Breaking in Your Tactical Boots: A Step-by-Step Guide
Many people consider the money they spend on boots an investment in their career and health. Therefore, they are willing to spend a lot of money on reliable and durable tactical boots. For hunters, those in the military, law enforcement, construction, and other careers, a good boot is essential for support and stability on all types of terrain. While new boots are incredible, it’s no fun to break them in. Here are some tips to make breaking in your boots easier and less irritating.
Universal Tips for Breaking in Boots
There are two primary ways to break in hiking boots; the quick wet method or the dry method. However, before discussing those methods, there a few general tips to help you break in your new boots.
Try On Boots Before You Buy Them
The most critical part of the process to break in your boots is to try them on before you buy them. Today, we can buy more things online than ever before. Because of convenience, it’s becoming more common to order clothing and shoes online than to try them on in a store.
However, once you order a pair of boots online, it’s more difficult to return them once you get them and find they don’t fit. Many times, people end up keeping ill-fitting shoes rather than dealing with the hassle of mailing them back. Then, you end up keeping tactical boots that are uncomfortable and fit wrong, causing all kinds of foot problems.
Also, when people do try boots on in the store, they just take a few steps on the carpeted floor and decide they fit right. For someone who carries heavy rucksacks on varying terrain or stands on asphalt directing traffic for hours, this won’t do. When trying on tactical boots, wear the boot or crew socks that you’ll wear every day in the boots, not the dress socks you happen to be in at the store. It’s critical to see and feel how the boot grips the foot. You’ll be able to feel if your feet slide inside the shoe.
Wear the tactical boots while you walk around the store and perform the motions that you do at work. Stand on your toes, do lunges—or any other motions—to see where the friction points are in the boots that you won’t feel while just standing. Once you identify those spots, see if that’s a common problem or a defect with that particular shoe. Trying your boots on reduces the need to wear them in, but it’s still normal to break in new tactical boots.
The Quickest Way to Break in Your Boots – The Wet Method
The wet method makes the break-in process quicker because the leather shrinks when the boots dry out. This process only works on boots that have leather uppers and not on those that need a high-gloss shine. Here’s how to break in your boots using the wet method:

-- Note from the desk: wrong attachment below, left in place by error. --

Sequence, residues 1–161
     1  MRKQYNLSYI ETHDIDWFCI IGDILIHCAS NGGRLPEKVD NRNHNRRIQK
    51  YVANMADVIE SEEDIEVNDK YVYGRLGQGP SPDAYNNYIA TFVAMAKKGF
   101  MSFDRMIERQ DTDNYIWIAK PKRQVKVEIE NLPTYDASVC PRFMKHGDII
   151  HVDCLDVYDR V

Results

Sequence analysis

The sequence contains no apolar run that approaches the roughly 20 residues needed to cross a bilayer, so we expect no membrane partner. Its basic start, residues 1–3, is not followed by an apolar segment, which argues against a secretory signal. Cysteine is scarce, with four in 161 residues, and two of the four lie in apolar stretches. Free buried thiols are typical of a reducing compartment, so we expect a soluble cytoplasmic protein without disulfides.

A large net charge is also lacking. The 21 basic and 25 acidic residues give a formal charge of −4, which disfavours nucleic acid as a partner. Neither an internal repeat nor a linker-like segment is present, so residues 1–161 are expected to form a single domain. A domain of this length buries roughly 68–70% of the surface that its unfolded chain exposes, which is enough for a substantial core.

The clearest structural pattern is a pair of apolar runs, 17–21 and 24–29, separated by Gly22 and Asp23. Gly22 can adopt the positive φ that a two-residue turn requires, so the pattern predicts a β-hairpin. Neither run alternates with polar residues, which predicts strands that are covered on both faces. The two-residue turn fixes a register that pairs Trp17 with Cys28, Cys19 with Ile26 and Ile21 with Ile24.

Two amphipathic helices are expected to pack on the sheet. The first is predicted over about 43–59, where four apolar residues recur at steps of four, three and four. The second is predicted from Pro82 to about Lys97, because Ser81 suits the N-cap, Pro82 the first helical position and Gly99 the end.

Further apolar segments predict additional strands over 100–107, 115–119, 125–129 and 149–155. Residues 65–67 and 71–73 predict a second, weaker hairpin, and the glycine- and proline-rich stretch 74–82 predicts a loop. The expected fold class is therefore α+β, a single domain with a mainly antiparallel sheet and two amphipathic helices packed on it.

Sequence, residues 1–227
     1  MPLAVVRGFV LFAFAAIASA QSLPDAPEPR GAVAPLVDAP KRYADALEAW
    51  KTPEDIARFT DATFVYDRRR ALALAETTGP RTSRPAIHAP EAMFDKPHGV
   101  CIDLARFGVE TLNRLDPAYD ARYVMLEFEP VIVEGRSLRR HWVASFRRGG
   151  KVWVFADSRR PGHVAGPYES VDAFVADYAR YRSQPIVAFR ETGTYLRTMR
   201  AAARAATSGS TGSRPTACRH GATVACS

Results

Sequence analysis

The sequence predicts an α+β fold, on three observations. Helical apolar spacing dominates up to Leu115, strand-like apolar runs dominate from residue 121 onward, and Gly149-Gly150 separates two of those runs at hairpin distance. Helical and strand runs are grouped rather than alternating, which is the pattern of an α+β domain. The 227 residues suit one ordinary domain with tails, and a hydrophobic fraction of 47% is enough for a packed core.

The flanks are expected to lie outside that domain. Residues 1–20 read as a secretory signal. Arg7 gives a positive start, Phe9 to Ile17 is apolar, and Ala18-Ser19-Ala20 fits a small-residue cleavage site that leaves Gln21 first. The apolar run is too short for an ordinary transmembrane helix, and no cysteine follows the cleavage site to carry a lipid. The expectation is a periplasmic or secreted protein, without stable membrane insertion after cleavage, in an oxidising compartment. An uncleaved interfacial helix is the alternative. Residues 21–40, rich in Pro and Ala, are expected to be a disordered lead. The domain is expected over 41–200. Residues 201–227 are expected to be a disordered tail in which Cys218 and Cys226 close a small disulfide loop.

- Place your boots in a waterproof container or bathtub.
- Fill the boots with water until they are completely wet. If you see any dry spots on them, let them soak longer.
- Drain the water from the boots.
- Then wear two pairs of socks because, as the leather dries out, it shrinks to fit your foot. Wearing two pairs of socks is critical because it gives you a little extra space inside the tactical boot once the leather dries.
- Make sure to wear your boots one full day.
- After walking around in your boots, take the soles out and let them dry separately. We use Lathrop and Sons custom footbeds.
- Let your boots dry outside or in front of a fan to completely dry.
Note that lighter-weight tactical boots with vents dry quicker than heavier winter boots. Also, you could get trench foot because of wearing your wet boots for one day. However, to combat that, take the wet boots off for a couple of hours so your feet can dry out. Then put the boots back on again. Just make sure you continue to wear two pairs of socks every time you put the wet boots back on to break them in.
How to Break Boots in Using the Dry Method
Some people don’t like the wet method, so they prefer to break them in using the dry method that many people use. This method takes a little longer but works to break in your tactical boots before wearing them in extreme work conditions, where you may get blisters if they aren’t broken in.
Remember, this is a slow process, so take your time.
- When you put your boots on for the first time, don’t wear them longer than an hour. You can gradually increase the time you wear them every day until they feel comfortable to wear.
- Wearing nylon socks under the socks you work in prevents blisters.
- Keep moleskin on hand to put on areas susceptible to blistering or irritation.
- Once you finish the first break-in period, walk or run whenever you can to speed up the break-in process.
- You can also use leather oil several times a week to soften the leather and allow it to stretch. You shouldn’t oil the quarters of the boot. Rubbing oil on the ankles helps them not stretch and remain firm. If you feel a spot that rubs your foot, put a small amount of leather oil on that area for a little stretch and flexibility.
As you break in your shoes, foot care becomes more important than when you wear your comfortable hiking boots. Sand down calluses, treat your blisters, and focus on general hygiene for your feet. Rest is important after breaking in a pair of boots, and keep your feet dry to avoid trench foot or other health problems with your feet.
One thing excellent for footcare is a pedicure. Many men are embarrassed to get them or think they’re for sissies, but they help clean your feet, keep your nails trimmed, and sand down calluses. Once they take the chance of being seen in public at a nail salon, they like how pedicures make your feet feel better after the abuse we put them through.
Whichever method you choose, remember breaking in boots takes time and that for the best tactical or hunting boot for your feet, try them on before you buy them. Make sure they fit and are comfortable for the activity you wear them for, and they’ll last a long time.